Ruthhart suggested that the festival atmosphere of the Rock Island Grand Prix would provide a great opportunity for this class to flourish and running in front of hundreds of karters and thousands of spectators will be great exposure for the Muscle Kart program, he said.

Due to its nature, the Unlimited All-Stars is not a class that everyone will want to participate in. Racers who are eager to try new and sometimes radical technical ideas will feel right at home in the UAS, said Bergfelt. The rules contain a set of parameters, and emphasize safety but were intentionally written to allow and encourage innovation.

Basics of the engine rules:

* Rotary or reed value 2-stroke: 230 lbs. plus 1 pound for each cc. 217cc maximum displacement.

* Flat head 4-stroke:  190 lbs. plus one pound for every 3 ccs. Multiple engines or cylinders permissible. 500 cc maximum total displacement. Single cylinder from 501-510 cc is allowed at 430 lbs.

* Piston port 2-stroke: 170 lbs. plus one pound for every cc. Multiple engines or cylinders are permissible. 225cc maximum displacement. Single cylinder from 226-255cc is allowed at 430 lbs.

* Overhead cam 4-stroke: 120 lbs. plus one pound for every cc. Multiple engines or cylinders are permissible. 305 cc maximum displacement. Single cylinder engine 306-510cc displacement is allowed at 430 lbs.

* Overhead valve 4-stroke: 200 lbs. plus one pound for every 2.5ccs. Multiple engines or cylinders are permissible. 500 cc maximum total displacement. Single cylinder 501-510 cc is allowed at 430 lbs.

* Single rotor rotary (Wankel) engine:  295cc maximum displacement. Weight 135 lbs. plus one pound for each cc. (295cc engine runs at 430 lbs). Engine must be normally aspirated.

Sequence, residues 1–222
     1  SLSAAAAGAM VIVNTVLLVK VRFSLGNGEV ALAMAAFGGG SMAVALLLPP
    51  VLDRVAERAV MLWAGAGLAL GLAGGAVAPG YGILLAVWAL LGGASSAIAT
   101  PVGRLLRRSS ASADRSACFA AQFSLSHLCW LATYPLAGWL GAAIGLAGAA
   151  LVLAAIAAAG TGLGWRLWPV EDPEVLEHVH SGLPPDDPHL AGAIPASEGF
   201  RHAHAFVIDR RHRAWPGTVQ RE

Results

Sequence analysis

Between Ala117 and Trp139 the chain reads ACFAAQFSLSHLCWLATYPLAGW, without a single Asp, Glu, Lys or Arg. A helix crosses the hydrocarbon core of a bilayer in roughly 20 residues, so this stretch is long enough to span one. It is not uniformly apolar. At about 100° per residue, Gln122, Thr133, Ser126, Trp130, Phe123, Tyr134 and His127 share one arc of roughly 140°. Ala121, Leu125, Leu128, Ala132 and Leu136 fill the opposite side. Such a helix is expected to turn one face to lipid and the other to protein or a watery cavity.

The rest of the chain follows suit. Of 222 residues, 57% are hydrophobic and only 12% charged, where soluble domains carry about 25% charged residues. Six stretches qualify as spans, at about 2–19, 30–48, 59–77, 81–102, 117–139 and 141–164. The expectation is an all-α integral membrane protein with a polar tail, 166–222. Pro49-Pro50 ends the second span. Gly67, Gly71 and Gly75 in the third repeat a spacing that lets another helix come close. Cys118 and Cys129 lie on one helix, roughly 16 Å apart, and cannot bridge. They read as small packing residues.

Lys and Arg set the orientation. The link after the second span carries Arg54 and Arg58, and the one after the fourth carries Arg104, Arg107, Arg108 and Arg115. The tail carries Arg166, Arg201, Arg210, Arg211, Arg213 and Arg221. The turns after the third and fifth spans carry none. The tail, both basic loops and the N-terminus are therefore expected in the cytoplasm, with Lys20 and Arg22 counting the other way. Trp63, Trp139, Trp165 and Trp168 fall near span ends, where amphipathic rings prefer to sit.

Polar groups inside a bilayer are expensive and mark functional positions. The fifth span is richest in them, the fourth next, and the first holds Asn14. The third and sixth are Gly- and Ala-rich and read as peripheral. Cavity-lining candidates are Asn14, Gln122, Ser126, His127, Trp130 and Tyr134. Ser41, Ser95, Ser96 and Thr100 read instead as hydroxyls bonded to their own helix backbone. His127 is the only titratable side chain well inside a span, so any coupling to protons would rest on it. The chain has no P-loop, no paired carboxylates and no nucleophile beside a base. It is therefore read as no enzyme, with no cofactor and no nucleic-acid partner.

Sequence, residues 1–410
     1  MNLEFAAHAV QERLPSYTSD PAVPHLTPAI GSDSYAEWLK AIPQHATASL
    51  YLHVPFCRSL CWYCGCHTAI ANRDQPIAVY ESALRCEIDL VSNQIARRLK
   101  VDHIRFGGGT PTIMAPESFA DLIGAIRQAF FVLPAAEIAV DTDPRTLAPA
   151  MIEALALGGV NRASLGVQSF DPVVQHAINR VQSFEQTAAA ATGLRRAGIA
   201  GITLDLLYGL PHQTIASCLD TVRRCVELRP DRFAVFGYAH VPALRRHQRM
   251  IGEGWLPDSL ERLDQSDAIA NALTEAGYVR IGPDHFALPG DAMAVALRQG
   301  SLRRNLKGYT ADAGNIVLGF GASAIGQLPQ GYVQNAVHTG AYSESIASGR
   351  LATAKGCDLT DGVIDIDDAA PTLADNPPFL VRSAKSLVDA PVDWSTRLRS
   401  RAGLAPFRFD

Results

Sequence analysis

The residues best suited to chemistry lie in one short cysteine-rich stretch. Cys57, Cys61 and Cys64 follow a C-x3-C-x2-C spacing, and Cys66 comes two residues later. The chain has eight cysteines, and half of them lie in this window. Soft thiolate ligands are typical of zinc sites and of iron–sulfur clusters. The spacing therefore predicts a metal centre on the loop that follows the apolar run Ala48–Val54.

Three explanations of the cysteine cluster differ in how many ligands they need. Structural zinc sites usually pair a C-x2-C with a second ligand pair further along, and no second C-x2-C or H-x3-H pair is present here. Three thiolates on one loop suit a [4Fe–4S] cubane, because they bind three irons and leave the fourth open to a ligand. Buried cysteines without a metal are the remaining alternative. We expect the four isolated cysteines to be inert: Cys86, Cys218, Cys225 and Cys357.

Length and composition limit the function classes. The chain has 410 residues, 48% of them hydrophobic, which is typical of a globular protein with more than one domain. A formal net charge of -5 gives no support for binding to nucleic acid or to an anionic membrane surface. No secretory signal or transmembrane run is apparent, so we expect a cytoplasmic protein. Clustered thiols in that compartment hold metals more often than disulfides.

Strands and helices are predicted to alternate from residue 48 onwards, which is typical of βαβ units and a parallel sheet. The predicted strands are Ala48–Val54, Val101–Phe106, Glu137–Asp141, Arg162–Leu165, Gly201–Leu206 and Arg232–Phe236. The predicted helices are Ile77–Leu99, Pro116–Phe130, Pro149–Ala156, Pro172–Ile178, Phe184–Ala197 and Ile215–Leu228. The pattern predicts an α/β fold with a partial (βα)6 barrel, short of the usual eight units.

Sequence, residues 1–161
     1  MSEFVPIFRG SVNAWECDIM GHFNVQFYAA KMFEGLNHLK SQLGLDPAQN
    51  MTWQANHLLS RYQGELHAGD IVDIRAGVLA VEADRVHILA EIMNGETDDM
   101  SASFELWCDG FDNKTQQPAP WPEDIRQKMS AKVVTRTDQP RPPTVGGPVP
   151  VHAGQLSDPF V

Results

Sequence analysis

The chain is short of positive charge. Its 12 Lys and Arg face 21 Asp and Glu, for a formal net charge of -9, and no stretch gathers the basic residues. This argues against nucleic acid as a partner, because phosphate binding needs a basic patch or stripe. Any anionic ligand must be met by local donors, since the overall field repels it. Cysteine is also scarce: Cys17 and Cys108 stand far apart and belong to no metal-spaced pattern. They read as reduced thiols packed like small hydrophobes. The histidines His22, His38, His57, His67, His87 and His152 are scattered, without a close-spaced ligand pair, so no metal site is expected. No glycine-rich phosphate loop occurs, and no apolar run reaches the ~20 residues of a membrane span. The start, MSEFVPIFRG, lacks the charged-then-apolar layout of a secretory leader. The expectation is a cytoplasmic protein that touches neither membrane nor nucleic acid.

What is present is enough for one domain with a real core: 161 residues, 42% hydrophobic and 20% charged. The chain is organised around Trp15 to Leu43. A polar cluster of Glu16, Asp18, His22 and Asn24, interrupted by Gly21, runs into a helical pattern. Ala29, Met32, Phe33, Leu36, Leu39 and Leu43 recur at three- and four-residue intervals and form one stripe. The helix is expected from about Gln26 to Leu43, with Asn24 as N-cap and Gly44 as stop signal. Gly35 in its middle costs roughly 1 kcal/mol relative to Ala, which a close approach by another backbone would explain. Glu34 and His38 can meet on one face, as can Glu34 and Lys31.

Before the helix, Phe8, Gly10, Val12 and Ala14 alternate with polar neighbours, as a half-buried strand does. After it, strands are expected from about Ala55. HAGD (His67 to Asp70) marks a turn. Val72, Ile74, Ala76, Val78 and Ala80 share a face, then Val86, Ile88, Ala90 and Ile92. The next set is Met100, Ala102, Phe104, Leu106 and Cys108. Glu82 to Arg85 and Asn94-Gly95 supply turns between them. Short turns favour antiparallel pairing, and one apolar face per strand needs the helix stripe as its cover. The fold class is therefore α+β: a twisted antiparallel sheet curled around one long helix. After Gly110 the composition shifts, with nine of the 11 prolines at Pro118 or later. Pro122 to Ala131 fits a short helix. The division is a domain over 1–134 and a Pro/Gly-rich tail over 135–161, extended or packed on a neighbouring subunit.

If a kart is equipped with turbocharger or nitrous oxide, add 15 lbs. for each cylinder served by the system.

(Note: If there is any discrepancy between this description and the actual rules, the rules take precedence.)

UAS rules do not prohibit gearbox karts, but Bergfelt said that in most situations he is familiar with shifters are at a disadvantage against a Muscle Kart.

Ruthhart stressed that those considering entering the class should review the entire rules package, plus any Local Option Rules which will be posted soon on the web site at rockislandgrandprix.com .

Complete Unlimited All-Stars Rules can be found at unlimitedallstars.org/rules.html

While Muscle Karts generally run on dirt ovals, the adjustments to run at Rock Island will be relatively minor since there is only one right-hand turn. It is an open track with long straights which will allow competitors to really stretch out their machines. In order for sprint racers to compete, they will simply have to fall within the UAS technical regulations.

“This will be our last effort to promote open class kart racing. We hope racers will support it and it is successful and we are excited to be able to expose our racers and race fans to the thrills of Muscle Kart racing,” said Ruthhart. “At the very least, the UAS rules provide a framework where nearly any engine can compete in the Pro Open class at Rock Island. But we also hope to be able to showcase the Muscle Kart program, see how they adapt to street racing and how other Pro Open drivers adapt under the new rules.”

A complete list of classes to be run at the Rock Island Grand Prix in 2013 will be announced soon.